A man of any rank may, without any reproach, abstain totally from tasting such liquors.
As he moves towards a conclusion, he sounds an extended note of reproach.
She was pale and quiet, and she did not reproach the man again.
There is only one point on which I wish or intend to hang any reproach.
Stung by this reproach and the supreme courage of their general, the men recovered.
As we have seen above, all must participate that none may be in a position to reproach the rest.
But I considered that I had less to reproach myself with than he thought.
Most of the French (the learned and others) have repeated this reproach.
I have said that Mr. Charrington's name was bandied about among the sensual and the vulgar—all over England—as a term of reproach.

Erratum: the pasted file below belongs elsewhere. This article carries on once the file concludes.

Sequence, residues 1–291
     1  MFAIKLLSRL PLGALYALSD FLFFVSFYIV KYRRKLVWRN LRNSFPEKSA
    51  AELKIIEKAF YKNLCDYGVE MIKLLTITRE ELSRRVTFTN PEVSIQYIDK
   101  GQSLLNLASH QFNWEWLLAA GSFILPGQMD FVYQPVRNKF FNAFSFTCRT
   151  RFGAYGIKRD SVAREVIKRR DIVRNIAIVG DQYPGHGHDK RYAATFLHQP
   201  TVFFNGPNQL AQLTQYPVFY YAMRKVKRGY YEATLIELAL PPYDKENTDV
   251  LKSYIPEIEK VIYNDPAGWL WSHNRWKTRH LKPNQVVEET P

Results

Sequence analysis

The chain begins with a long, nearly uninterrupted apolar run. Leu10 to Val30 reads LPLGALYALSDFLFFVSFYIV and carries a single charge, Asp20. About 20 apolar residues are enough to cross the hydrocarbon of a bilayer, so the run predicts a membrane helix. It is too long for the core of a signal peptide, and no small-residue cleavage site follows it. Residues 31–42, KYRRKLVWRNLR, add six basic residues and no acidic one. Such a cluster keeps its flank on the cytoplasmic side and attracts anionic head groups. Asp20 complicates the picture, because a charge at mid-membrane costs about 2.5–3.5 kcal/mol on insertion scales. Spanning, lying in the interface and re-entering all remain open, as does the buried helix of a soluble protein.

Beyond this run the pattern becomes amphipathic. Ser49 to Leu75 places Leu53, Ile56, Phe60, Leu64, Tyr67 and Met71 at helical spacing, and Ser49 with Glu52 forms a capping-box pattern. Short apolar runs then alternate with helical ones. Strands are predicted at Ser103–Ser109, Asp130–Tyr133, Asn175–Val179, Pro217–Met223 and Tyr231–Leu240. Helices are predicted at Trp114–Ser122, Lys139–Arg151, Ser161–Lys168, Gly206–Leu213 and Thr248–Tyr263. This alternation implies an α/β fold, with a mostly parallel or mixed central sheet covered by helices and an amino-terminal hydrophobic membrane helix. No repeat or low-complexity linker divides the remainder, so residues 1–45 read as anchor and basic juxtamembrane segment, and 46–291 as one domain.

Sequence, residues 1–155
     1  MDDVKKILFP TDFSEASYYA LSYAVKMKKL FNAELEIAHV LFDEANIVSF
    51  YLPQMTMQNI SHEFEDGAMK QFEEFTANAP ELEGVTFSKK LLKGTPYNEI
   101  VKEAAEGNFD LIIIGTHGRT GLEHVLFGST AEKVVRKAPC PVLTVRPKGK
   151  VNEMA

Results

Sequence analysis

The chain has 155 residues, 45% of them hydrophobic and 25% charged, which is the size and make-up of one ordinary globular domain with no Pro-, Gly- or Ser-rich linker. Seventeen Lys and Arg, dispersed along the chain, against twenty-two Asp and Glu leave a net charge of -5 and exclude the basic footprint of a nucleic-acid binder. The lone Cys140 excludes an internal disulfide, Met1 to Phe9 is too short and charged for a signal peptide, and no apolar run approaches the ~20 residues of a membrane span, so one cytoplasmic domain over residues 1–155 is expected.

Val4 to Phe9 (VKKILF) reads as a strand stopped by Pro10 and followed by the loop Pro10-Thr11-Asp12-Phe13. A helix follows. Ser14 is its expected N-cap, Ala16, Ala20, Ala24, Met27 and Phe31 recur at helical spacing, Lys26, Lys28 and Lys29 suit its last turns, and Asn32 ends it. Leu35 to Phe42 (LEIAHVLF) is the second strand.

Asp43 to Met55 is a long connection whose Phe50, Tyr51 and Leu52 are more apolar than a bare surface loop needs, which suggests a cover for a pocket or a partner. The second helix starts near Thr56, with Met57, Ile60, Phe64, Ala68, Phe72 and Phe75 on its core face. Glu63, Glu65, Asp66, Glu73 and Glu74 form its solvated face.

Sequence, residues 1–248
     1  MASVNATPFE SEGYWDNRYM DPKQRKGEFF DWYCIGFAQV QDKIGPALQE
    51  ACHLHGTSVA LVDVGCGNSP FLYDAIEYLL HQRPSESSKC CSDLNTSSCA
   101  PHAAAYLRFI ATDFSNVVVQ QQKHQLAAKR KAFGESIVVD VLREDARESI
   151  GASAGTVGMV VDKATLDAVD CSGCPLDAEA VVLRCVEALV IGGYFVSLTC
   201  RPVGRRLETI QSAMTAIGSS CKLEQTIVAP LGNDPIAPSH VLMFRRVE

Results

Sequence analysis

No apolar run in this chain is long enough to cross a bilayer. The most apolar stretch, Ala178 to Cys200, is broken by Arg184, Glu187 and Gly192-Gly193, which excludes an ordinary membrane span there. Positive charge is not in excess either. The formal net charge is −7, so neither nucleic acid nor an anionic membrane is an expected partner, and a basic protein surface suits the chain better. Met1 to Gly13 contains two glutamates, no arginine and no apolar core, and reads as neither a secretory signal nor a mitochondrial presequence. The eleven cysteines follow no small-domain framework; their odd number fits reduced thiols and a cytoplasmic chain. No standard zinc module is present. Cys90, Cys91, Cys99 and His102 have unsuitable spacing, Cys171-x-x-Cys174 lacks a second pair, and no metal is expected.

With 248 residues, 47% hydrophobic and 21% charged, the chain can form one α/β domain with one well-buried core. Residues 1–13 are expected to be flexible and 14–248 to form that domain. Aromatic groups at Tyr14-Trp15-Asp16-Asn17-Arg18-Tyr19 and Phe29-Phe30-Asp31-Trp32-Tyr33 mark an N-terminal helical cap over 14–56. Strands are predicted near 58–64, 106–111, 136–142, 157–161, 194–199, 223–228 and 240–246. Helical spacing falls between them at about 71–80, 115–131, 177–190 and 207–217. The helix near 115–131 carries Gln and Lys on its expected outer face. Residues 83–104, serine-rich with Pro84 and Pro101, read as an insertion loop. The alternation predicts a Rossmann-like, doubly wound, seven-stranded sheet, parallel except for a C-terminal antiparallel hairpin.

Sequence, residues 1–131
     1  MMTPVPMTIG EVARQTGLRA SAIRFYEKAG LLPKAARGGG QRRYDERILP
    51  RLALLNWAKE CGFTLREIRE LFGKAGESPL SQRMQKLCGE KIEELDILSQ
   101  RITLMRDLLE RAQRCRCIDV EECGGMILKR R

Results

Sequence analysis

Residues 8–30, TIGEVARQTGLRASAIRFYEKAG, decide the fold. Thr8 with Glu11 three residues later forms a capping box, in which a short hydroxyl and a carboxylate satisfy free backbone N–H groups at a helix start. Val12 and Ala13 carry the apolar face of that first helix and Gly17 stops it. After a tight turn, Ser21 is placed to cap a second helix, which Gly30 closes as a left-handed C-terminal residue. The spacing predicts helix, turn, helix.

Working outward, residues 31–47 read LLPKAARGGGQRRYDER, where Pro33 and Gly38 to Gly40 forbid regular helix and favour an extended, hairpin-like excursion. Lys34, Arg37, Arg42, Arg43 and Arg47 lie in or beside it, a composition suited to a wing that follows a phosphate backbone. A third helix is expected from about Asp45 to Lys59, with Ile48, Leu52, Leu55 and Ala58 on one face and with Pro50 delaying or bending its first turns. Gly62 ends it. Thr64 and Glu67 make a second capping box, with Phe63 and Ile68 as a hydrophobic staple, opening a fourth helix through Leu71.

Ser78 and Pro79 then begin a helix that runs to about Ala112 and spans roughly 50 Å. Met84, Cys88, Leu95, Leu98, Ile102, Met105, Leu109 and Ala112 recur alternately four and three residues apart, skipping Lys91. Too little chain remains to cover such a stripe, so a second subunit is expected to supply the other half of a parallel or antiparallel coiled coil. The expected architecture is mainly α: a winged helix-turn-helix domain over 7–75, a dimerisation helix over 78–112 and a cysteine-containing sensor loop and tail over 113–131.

"I said I would join if Grant did," replied Bailey, stung by the reproach.
mid-14c., "a rebuke, blame, censure;" also "object of scorn or contempt;" c.1400, as "disgrace, state of disgrace," from Old French reproche "blame, shame, disgrace" (12c.), from reprochier "to blame, bring up against," said by some French etymologists to be from Vulgar Latin *repropiare, from Latin re- "opposite of" + prope "near" (see propinquity), with suggestions of "bring near to" as in modern "get in (someone's) face." But others would have it from *reprobicare, from Latin reprobus/reprobare (see reprobate (adj.)).
mid-14c., reprochen "to rebuke, reproach," from Anglo-French repruchier, Old French reprochier "upbraid, blame, accuse, speak ill of," from reproche (see reproach (n.)). Related: Reproached; reproaching.